• Thickness of the transparent protective film can be properly determined and generally in the range of from about 1 to 500 μm from the viewpoint of a strength, workability such as handlability, requirement for a thin film and the like. Especially, the thickness is preferably in the range of from 1 to 300 μm and more preferably in the range of from 5 to 200 μm. Therefore, it is particularly preferred that the transparent protective film has a thickness of 5 to 150 μm.
  • Note that in a case where the transparent protective films are provided on both sides of a polarizer, the protective films made from the same polymer may be used on both sides thereof or alternatively, the protective films made from polymer materials different from each other may also be used on respective both sides thereof.
  • At least one selected from a cellulose resin, a polycarbonate resin, a cyclic polyolefin resin, and a (meth)acrylic resin is preferably used for the transparent protective film according to the present invention.
  • The cellulose resin is an ester of cellulose and a fatty acid. Examples of such a cellulose ester resin include triacetyl cellulose, diacetyl cellulose, tripropionyl cellulose, dipropionyl cellulose, and the like. In particular, triacetyl cellulose is preferred. Much commercially available triacetyl celluloses are placing on sale and are advantageous in view of easy availability and cost. Examples of commercially available products of triacetyl cellulose include UV-50, UV-80, SH-80, TD-80U, TD-TAC, and UZ-TAC (trade names) manufactured by Fujifilm Corporation, and KC series manufactured by Konica Minolta. In general, these triacetyl cellulose products have a thickness direction retardation (Rth) of about 60 nm or less, while having an in-plane retardation (Re) of almost zero.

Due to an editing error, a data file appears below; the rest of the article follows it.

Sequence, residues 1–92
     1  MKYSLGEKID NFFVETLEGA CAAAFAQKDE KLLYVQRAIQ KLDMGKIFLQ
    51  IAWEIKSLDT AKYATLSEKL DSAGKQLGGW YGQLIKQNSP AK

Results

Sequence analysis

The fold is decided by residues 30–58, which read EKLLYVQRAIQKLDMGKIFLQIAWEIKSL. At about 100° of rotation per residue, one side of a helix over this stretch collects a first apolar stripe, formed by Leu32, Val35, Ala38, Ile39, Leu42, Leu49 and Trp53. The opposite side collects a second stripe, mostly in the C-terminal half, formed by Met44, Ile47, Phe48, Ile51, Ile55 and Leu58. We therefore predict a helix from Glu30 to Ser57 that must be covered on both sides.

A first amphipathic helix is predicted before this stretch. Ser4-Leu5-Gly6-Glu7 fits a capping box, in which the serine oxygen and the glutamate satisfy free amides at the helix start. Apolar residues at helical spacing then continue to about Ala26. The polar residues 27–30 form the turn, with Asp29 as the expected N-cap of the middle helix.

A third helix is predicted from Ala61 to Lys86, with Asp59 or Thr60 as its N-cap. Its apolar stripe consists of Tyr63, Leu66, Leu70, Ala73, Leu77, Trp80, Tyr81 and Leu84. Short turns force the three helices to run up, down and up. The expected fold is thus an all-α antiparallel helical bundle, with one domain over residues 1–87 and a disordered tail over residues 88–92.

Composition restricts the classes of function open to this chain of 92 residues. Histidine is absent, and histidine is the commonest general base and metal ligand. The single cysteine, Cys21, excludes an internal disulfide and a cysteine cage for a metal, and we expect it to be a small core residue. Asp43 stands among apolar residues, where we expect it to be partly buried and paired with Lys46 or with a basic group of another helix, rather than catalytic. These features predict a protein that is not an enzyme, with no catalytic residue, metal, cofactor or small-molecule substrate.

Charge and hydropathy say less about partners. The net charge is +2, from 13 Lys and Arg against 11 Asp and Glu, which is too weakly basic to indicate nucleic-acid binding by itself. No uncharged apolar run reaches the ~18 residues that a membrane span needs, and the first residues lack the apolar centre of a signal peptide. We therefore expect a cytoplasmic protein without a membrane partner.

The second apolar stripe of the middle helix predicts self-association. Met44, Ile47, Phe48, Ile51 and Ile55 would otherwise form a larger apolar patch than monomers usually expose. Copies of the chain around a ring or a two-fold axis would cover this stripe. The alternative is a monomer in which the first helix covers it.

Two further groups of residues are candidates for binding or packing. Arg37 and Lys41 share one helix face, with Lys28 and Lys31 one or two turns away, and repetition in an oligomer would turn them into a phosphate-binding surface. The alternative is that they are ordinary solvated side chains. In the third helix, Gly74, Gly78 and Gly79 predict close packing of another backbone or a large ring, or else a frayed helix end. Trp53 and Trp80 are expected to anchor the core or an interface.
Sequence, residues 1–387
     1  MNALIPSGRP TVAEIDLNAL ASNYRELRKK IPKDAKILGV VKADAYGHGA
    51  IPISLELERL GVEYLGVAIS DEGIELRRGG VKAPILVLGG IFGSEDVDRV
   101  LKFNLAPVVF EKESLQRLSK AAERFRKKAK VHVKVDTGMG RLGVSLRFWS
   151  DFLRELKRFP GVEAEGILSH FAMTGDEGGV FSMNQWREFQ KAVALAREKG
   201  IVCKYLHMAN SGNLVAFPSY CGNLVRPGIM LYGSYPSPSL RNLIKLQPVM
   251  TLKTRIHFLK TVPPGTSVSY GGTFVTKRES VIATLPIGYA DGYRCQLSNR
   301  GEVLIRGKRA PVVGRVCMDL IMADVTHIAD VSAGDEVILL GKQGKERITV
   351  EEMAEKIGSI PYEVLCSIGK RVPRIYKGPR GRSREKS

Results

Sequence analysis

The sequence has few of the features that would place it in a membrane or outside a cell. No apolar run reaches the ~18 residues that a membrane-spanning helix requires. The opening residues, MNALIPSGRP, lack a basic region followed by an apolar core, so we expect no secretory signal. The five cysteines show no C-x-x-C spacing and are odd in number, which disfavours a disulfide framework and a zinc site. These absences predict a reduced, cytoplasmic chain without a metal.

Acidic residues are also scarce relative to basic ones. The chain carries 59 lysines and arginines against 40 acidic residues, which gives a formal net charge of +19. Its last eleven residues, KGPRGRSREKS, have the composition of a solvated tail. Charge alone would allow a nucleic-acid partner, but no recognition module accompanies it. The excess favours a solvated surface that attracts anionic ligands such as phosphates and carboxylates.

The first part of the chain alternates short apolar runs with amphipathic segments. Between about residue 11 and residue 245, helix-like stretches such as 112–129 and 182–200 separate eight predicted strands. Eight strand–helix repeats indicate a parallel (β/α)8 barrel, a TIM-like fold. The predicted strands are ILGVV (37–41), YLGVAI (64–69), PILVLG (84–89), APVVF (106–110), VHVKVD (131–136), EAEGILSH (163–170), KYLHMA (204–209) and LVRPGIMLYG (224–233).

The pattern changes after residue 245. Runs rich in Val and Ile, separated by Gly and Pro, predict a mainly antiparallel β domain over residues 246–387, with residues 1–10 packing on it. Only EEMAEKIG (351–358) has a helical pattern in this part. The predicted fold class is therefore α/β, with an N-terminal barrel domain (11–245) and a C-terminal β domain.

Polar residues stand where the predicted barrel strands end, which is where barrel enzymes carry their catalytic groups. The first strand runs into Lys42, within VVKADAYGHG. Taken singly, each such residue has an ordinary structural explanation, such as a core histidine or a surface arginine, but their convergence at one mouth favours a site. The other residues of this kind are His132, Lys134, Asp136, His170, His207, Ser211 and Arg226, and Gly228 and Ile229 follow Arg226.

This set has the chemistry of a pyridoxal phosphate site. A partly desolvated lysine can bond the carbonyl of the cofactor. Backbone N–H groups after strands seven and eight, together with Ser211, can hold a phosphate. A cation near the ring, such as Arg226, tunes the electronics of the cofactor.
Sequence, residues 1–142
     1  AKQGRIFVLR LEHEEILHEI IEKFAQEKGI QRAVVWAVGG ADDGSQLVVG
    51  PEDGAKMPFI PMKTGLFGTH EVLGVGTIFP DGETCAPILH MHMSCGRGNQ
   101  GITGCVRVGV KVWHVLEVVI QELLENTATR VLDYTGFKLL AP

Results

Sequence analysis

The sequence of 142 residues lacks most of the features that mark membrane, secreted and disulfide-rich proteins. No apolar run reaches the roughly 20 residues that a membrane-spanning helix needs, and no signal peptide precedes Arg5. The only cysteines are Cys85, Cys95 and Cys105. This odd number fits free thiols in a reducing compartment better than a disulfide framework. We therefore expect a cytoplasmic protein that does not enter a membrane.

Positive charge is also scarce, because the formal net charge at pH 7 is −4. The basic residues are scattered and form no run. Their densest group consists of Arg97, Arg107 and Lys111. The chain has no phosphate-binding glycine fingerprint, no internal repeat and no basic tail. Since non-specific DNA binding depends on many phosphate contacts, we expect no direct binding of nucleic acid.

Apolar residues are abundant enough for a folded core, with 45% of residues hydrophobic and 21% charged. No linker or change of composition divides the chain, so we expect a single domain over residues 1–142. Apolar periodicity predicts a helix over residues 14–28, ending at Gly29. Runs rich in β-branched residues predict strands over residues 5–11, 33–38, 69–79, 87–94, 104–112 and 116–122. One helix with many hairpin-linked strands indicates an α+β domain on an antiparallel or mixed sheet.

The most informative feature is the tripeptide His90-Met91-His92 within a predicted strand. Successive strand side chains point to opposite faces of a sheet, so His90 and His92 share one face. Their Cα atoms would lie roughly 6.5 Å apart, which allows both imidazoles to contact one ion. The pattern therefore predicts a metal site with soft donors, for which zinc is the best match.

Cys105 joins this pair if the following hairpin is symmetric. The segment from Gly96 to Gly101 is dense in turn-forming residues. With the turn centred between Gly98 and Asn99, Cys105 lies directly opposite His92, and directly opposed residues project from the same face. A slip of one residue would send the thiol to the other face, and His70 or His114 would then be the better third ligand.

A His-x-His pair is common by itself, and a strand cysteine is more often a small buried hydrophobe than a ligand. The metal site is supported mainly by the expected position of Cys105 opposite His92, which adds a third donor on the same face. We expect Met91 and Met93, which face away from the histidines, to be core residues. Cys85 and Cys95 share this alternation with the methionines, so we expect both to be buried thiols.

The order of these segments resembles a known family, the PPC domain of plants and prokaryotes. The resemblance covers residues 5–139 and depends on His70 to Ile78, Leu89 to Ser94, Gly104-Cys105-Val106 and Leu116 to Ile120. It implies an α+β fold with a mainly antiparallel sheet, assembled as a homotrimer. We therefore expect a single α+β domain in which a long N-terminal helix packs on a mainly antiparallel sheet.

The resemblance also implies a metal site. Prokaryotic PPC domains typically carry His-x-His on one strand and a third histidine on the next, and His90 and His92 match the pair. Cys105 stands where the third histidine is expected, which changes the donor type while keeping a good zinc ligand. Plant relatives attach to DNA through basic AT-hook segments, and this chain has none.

• Cellulose resin films with relatively small thickness direction retardation may be obtained by processing any of the above cellulose resins. Examples of the processing method include a method that includes laminating a general cellulose-based film to a base film such as a polyethylene terephthalate, polypropylene, or stainless steel film, coated with a solvent such as cyclopentanone or methyl ethyl ketone, drying the laminate by heating (for example, at 80 to 150° C. for 3 to 10 minutes) and then separating the base film; and a method that includes coating a general cellulose resin film with a solution of a norbomene resin, a (meth)acrylic resin or the like in a solvent such as cyclopentanone or methyl ethyl ketone, drying the coated film by heating (for example, at 80 to 150° C. for 3 to 10 minutes), and then separating the coating.